Sabre Capital is a leading Merger & Acquisition firm in the Carolinas. Since 1984 we have assisted companies in a broad range of industries manage their strategic alternatives. Services include valuation, pre-marketing consulting to maximize value and an aggressive team driven implementation with hands-on professional follow through.

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James A. "Trip" Holmes, III - CBI

Will You Sell Within Three Years?

Business experts have stated that with many “baby boomer” business owners approaching retirement age, a large number of these owners will sell their companies in the next few years. Surveys of business owners confirm that a very high percentage anticipate selling their businesses within the next three years.

As these baby boomers age, the number of family-owned businesses for sale will increase. Age is certainly an important motivating factor for owners considering the sale of their company. Since only a very small percentage of these businesses will remain in the family, most owners will be left with only one alternative: selling the business.

However, many of these owners are holding off selling now because they feel that their company is growing and, therefore, so is its value. This could be a mistake. Understandably, all business owners want to get the highest price possible for their hard work and effort, but trying to time the market and sell when the business is at its peak is almost impossible.

It’s difficult to convince an owner of a growing business that the best time to sell is often now, and that the business will most likely bring a higher price while it is growing than after the growth has slowed down. Buyers want to buy companies on the way up, not companies who have reached their peak, have grown stagnant, or are on their way down. Value is in the eyes of the buyer, not the seller! In addition, sellers waiting to sell for tax reasons need to remember that tax implications are always going to be there – waiting won’t change them.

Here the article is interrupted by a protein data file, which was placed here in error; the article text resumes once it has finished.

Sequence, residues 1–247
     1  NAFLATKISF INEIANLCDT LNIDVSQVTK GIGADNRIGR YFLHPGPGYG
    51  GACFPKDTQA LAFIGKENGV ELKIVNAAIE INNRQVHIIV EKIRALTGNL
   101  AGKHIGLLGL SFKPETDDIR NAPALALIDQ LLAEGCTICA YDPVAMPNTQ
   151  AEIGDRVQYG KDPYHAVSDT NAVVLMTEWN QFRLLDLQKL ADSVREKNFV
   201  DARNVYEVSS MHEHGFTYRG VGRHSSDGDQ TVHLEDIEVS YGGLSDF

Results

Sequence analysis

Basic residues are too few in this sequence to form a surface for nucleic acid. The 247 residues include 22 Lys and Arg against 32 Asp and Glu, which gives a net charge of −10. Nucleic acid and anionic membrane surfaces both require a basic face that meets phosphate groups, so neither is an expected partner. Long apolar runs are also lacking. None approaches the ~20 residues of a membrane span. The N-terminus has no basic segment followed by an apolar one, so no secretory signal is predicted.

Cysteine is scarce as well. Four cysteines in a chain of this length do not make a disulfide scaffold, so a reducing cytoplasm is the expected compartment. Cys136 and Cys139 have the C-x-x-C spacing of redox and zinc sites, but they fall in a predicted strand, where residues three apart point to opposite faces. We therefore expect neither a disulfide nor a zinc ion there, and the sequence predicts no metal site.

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Two Similar Companies - Big Difference in Value!

Consider two different companies in virtually the same industry. Both companies have an EBITDA of $6 million – but, they have very different valuations. One is valued at five times EBITDA, pricing it at $30 million. The other is valued at seven times EBITDA, making it $42 million. What’s the difference?
One can look at the usual checklist for the answer, such as:

  • The Market
  • Management/Employees
  • Uniqueness/Proprietary
  • Systems/Controls
  • Revenue Size
  • Profitability
  • Regional/Global Distribution
  • Capital Equipment Requirements
  • Intangibles (brand/patents/etc.)
  • Growth Rate

There is the key, at the very end of the checklist – the growth rate. This value driver is a major consideration when buyers are considering value. For example, the seven times EBITDA company has a growth rate of 50 percent, while the five times EBITDA company has a growth rate of only 12 percent. In order to arrive at the real growth story, some important questions need to be answered. For example:

  • Are the company’s projections believable?
  • Where is the growth coming from?
  • What services/products are creating the growth?
  • Where are the customers coming from to support the projected growth – and why?
  • Are there long-term contracts in place?
  • How reliable are the contracts/orders?